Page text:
Chuck Connors: Go Western, Young Man

Sometimes the best thing that can happen to a Cubs player is to have the team let him go. Greg Maddux, Dennis Eckersley and Lou Brock wouldn’t be wearing World Series rings if not for the favor bestowed upon them by the North Siders. Who knows if they would have become the Hall of Famers they are today if they’d remained Cubs.

No one benefited more from this phenomenon than Chuck Connors, who credits the Cubs for paving the way for him to become the TV and movie star he would eventually become.

Connors, best known for his starring role in the TV series “The Rifleman,” was a multi-sport athlete before finding fame as an actor.

The striking 6-foot-6-inch 200-pounder played both professional basketball and baseball. After serving in World War II as a tank-warfare instructor, in 1946 Connors joined the newly formed Boston Celtics. On November 5, 1946 during warms ups of their very first game, Connors became the first professional basketball player to ever shatter a backboard, though it wasn’t the result of a rim-shaking dunk but rather a shot hitting the front of the rim on an improperly installed backboard. His basketball career was short-lived – he played only in parts of two seasons with the Celtics before he left the hardwood in pursuit of a career on a baseball diamond.

He landed in the Brooklyn Dodgers organization, where he played in all of one game at the Major League level, as a pinch-hitter, hitting into a game-ending double play. As a first baseman playing behind Gil Hodges, he saw the handwriting on the wall and lobbied Brooklyn owner Branch Rickey to trade him. On October 10, 1950, Brooklyn announced that Connors had been traded to the Chicago Cubs along with Dee Fondy, another first baseman.

When Chicago manager Frank Frisch installed Fondy as his first baseman during spring training in 1951, Connors was assigned to the Cubs top farm club, the Los Angeles Angels of the Pacific Coast League. Not making the Chicago Cubs turned out to be the best thing that ever happened to Connors. “Greatest break I ever got,” Connors said in 1954. “I’m out there right in the middle of the movie business where, if a guy has anything, he’s got the chance to break in.”

In Los Angeles, Connors thrived playing for the Angels. During the first half of the 1951 season, he compiled a .321 batting average in 98 games, with 22 home runs and 77 RBIs. His success in the City of Angels, earned him a mid-season call-up to the Cubs, where he switched places with Fondy, who was farmed out to the Angels (they also switched uniforms, as Connors wore the same number 40). Connors didn’t do much in his half-season with the Cubs, though, hitting a weak .239 in 66 games with just two homers and 18 RBIs. The Cubs finished in last place that season and the team shipped Connors back to the Angels. He never returned to the majors, because Hollywood came a calling.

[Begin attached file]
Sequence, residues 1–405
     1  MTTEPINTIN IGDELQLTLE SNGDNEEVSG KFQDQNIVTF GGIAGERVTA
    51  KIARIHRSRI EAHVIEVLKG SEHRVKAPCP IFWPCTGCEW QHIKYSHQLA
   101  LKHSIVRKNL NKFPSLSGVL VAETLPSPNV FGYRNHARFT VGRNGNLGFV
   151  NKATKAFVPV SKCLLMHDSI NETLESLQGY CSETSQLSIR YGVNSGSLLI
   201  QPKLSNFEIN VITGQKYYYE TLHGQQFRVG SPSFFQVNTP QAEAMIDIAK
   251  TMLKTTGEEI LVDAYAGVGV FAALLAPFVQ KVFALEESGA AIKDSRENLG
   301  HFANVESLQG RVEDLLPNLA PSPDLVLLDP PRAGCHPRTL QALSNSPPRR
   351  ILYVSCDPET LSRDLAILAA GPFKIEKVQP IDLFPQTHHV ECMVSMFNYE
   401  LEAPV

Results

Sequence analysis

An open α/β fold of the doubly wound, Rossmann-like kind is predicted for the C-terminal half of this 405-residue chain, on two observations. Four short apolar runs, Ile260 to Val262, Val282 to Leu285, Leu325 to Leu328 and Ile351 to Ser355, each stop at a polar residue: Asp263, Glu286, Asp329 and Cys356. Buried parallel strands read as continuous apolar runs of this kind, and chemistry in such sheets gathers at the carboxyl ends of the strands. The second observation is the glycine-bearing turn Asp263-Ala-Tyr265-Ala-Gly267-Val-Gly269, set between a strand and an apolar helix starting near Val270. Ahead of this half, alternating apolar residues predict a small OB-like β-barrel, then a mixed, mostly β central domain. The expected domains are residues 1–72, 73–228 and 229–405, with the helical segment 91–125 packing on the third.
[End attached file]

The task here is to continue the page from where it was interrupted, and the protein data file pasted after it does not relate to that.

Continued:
While Fondy took back the role of first baseman for the Cubs in 1952, Connors landed a small role in his first movie, “Pat and Mike,” starring Spencer Tracy and Kathryn Hepburn, thanks to Bill Grady, the casting director for Metro-Goldwyn-Mayer, who was a passionate fan of the Los Angeles Angels. The move turned out to be a good one for Connors, who made $12,000 as a movie actor before 1952 spring training began, more than double his $5,500 salary in baseball.
Connors wasn’t ready to give up baseball just yet. He played the 1952 season with the Los Angles Angels, but it became obvious to all who saw him play that season that he was more skilled as an actor than as a baseball player. He became known more for his clown-like antics on the field than for his hitting or fielding. Once, after hitting a home run, he slid into second base, cartwheeled to third base, and then crawled to home plate. Other times, he reportedly threw raw hamburger to rowdy fans at a road game and taunted umpires with Shakespearean quotes.

He officially retired from baseball in 1953 to focus on acting. His big break came when he played Lucas McCain, the sharpshooting good guy in the popular “Rifleman” series, which originally ran from 1958 to 1963, in the heyday of television westerns. The character, a homesteader and single father, disposed of varied frontier villains with his Winchester rifle.

In his nearly 40-year acting career, Connors appeared in at least 45 films and numerous television series and specials. He was nominated for an Emmy Award for his portrayal of a slave owner in the mini-series “Roots” and also won a Golden Globe Award in 1959.

The “great big mountain of a man,” as described in the chorus to the theme song from “The Rifleman” had smoked up to three packs of Camel cigarettes a day for more than 30 years. He died on November 10, 1992 in Los Angeles at the age of 71 of pneumonia stemming from lung cancer.

Randy Richardson is the author of CHEESELAND. An all-new edition of his Wrigleyville murder mystery, LOST IN THE IVY, was released by Eckhartz Press on Opening Day.

Photo by ABC Television-the back image has been rotated and altered to make it visible and legible enough to see the ABC information on it. (eBay itemphoto frontphoto back) [Public domain], via Wikimedia Commons